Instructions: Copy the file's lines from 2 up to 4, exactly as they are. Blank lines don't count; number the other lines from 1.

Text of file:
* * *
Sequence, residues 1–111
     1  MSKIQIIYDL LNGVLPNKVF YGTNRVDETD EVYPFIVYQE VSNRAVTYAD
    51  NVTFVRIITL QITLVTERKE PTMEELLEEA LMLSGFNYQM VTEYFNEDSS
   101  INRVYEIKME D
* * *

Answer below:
     1  MSKIQIIYDL LNGVLPNKVF YGTNRVDETD EVYPFIVYQE VSNRAVTYAD
    51  NVTFVRIITL QITLVTERKE PTMEELLEEA LMLSGFNYQM VTEYFNEDSS
   101  INRVYEIKME D